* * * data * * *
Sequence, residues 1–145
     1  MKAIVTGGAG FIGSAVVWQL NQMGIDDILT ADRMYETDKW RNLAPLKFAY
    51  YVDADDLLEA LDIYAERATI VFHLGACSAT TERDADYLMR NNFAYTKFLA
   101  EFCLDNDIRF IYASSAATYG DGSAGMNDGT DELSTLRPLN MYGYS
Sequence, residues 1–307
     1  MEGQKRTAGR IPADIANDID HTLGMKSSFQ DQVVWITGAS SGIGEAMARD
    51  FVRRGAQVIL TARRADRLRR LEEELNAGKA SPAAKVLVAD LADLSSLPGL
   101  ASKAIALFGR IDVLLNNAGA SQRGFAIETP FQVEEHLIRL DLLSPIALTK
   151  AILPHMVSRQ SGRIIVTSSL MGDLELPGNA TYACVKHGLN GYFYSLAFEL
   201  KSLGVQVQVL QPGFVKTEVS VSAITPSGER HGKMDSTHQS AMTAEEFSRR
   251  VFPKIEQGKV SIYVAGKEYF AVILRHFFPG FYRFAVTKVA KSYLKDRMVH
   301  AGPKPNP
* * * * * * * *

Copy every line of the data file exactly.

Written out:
Sequence, residues 1–145
     1  MKAIVTGGAG FIGSAVVWQL NQMGIDDILT ADRMYETDKW RNLAPLKFAY
    51  YVDADDLLEA LDIYAERATI VFHLGACSAT TERDADYLMR NNFAYTKFLA
   101  EFCLDNDIRF IYASSAATYG DGSAGMNDGT DELSTLRPLN MYGYS
Sequence, residues 1–307
     1  MEGQKRTAGR IPADIANDID HTLGMKSSFQ DQVVWITGAS SGIGEAMARD
    51  FVRRGAQVIL TARRADRLRR LEEELNAGKA SPAAKVLVAD LADLSSLPGL
   101  ASKAIALFGR IDVLLNNAGA SQRGFAIETP FQVEEHLIRL DLLSPIALTK
   151  AILPHMVSRQ SGRIIVTSSL MGDLELPGNA TYACVKHGLN GYFYSLAFEL
   201  KSLGVQVQVL QPGFVKTEVS VSAITPSGER HGKMDSTHQS AMTAEEFSRR
   251  VFPKIEQGKV SIYVAGKEYF AVILRHFFPG FYRFAVTKVA KSYLKDRMVH
   301  AGPKPNP